Embroidery Stitch Tutorial: How to do the Back Stitch
Similar to the straight stitch, many stitches you'll learn will build off of the back stitch.
This stitch begins with a straight stitch, but is continued by stitching in a back and forth motion - which is how it got its name! During this stitch, you will work the thread backward from the direction of the line you're creating. Therefore, there are two ways you can form the back stitch - right to left (which is what I'll be showing you) and left to right. Be sure to give both ways a try!
At first glance, the back stitch actually looks very similar to the straight stitch; however, there are many characteristics that separate them. Aside from the back and forth movement of the thread as you're stitching, the back stitch also happens to be much stronger than the straight stitch and uses more thread as a result. In sewing, the back stitch is wonderful for bonding seams together and can even be used in leu of a machine.
While the back stitch is super simple, it's continuous flow makes it a great choice to use for so many different things!
The back stitch is excellent for lettering, but I also love using it for flower stems and outlines. Unlike the straight stitch, the back stitch has no spaces, so curves are taken really well! Just keep in mind, the key to creating that continuous appearance is maintaining consistency in the individual stitch lengths. Using small stitches helps tremendously as well! Although, this really depends on the size of your pattern. But if you really want to get fancy, you can also use a ruler to measure out equal distances for your stitch lengths and mark them on your fabric.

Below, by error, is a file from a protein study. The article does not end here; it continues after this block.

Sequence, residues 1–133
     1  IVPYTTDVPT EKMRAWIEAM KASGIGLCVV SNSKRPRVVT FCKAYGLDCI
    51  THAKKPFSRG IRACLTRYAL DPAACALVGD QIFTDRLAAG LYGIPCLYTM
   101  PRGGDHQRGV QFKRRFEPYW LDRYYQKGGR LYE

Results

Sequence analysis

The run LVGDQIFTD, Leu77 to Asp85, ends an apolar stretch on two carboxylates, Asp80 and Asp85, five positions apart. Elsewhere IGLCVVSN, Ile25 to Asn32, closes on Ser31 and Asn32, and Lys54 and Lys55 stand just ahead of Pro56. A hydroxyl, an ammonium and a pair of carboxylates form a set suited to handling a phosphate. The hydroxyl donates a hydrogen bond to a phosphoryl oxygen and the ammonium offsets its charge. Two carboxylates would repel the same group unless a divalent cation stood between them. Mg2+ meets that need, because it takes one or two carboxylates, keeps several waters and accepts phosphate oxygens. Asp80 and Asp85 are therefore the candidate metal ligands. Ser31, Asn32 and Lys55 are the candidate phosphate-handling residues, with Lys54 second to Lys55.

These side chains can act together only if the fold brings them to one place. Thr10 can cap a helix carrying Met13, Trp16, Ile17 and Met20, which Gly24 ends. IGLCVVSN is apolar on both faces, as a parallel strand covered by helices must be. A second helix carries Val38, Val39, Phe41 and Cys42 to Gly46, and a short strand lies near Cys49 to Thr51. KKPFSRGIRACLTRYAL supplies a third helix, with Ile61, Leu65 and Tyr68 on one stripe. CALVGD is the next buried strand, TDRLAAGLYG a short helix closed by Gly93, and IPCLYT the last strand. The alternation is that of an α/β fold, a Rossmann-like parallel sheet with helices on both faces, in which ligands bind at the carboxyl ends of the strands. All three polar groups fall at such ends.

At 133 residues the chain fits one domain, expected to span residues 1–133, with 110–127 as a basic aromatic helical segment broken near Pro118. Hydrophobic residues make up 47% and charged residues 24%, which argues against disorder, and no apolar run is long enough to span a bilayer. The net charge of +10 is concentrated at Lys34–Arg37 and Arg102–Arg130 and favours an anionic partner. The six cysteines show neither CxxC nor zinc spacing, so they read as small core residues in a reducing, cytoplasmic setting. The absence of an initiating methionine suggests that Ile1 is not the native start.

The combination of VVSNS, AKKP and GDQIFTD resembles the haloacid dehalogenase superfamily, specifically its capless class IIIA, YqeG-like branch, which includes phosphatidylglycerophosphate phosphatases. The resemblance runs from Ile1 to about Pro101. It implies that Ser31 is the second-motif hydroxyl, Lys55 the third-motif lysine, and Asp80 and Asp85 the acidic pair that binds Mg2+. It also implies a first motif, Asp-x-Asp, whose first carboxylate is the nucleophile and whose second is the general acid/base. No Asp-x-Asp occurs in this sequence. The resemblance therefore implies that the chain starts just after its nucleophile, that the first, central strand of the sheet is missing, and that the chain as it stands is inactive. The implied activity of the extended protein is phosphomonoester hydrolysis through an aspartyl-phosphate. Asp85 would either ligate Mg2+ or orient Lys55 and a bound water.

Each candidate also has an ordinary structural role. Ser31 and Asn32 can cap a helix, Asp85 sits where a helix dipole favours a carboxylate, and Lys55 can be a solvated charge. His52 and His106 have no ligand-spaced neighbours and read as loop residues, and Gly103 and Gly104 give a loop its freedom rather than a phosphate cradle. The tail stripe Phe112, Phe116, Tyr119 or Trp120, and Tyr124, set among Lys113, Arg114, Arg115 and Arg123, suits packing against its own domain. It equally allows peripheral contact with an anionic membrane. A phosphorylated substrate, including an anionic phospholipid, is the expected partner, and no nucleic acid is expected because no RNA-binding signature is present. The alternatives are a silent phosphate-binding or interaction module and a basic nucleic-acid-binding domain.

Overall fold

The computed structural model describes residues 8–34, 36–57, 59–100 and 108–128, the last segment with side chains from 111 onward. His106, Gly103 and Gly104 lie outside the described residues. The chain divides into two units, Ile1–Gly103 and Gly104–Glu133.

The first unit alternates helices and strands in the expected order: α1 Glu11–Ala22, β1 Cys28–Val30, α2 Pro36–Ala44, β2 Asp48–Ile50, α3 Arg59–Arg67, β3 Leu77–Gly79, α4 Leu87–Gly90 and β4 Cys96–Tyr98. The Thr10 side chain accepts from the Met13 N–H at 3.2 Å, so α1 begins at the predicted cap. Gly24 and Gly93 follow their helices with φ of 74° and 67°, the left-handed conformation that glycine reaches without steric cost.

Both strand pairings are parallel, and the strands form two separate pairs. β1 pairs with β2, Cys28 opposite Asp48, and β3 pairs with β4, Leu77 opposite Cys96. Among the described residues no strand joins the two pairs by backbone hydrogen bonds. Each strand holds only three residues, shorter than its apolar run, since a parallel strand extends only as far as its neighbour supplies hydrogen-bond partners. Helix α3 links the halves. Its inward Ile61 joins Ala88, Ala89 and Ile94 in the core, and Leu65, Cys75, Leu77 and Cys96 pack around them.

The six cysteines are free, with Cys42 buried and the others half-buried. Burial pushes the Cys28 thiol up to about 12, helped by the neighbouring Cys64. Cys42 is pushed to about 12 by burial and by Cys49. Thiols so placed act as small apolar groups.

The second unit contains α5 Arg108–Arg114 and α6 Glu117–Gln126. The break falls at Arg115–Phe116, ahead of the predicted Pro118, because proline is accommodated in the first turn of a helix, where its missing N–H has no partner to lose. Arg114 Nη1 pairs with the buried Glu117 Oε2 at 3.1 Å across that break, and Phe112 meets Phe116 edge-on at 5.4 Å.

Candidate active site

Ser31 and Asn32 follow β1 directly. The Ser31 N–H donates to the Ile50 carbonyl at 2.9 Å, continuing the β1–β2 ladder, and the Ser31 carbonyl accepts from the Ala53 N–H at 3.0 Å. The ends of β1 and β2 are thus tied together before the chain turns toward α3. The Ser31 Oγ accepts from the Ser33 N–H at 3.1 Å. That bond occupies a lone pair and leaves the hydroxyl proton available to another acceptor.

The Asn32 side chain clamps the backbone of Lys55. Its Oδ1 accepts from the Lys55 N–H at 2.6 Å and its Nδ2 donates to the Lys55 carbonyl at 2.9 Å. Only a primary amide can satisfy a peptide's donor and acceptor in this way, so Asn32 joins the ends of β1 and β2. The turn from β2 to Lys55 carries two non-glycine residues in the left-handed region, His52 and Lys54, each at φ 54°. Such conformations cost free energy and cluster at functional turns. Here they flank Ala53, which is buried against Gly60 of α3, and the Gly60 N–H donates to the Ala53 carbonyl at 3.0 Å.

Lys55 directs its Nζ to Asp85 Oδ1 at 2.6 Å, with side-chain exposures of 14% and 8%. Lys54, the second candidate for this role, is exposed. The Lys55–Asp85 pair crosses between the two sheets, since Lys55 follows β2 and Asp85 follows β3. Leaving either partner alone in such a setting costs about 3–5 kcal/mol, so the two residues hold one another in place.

I recommend using a heat erasable pen to do this, but also think it's great to mark your fabric with a continuous guidance line so your outlines don't end up looking choppy! And the best part about it is you can remove the ink when you’re done! I like using the Pilot FriXion ColorSticks in black.
Instructions: How to do the Back Stitch
For the back stitch, I generally use 3 strands of thread, but feel free to increase or decrease the amount you use to create a more refined or bold look!
Step 1: Bring your needle up through the fabric at the end of the line and down one stitch length away.
This is otherwise known as the straight stitch. You can read more about the straight stitch in my blog post HERE.
Step 2: Pull the thread all the way through to the backside of the fabric then skip over and bring your needle up one stitch length away from the end of the first stitch.
Step 3: Take your needle down right where the first stitch ended.
Keep repeating steps 2-3 until you reach the end of the line.
I'm stitching the back stitch from right to left.
However, the written instructions could be applied to stitching from left to right as well! Both directions will give the same look and choosing which way to go will depend solely on personal preference.
The back stitch is great to have in your repertoire for any linear stitches - once you have this one mastered, I recommend giving the whipped back stitch a try!
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